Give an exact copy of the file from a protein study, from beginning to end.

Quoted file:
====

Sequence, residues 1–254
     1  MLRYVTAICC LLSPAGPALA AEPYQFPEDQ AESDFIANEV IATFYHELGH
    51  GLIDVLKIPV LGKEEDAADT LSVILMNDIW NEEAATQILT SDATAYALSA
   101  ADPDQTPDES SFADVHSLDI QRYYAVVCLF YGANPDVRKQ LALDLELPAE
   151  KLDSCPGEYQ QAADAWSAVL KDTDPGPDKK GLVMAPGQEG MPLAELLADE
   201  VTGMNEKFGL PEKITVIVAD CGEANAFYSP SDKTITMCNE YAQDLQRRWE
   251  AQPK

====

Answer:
Sequence, residues 1–254
     1  MLRYVTAICC LLSPAGPALA AEPYQFPEDQ AESDFIANEV IATFYHELGH
    51  GLIDVLKIPV LGKEEDAADT LSVILMNDIW NEEAATQILT SDATAYALSA
   101  ADPDQTPDES SFADVHSLDI QRYYAVVCLF YGANPDVRKQ LALDLELPAE
   151  KLDSCPGEYQ QAADAWSAVL KDTDPGPDKK GLVMAPGQEG MPLAELLADE
   201  VTGMNEKFGL PEKITVIVAD CGEANAFYSP SDKTITMCNE YAQDLQRRWE
   251  AQPK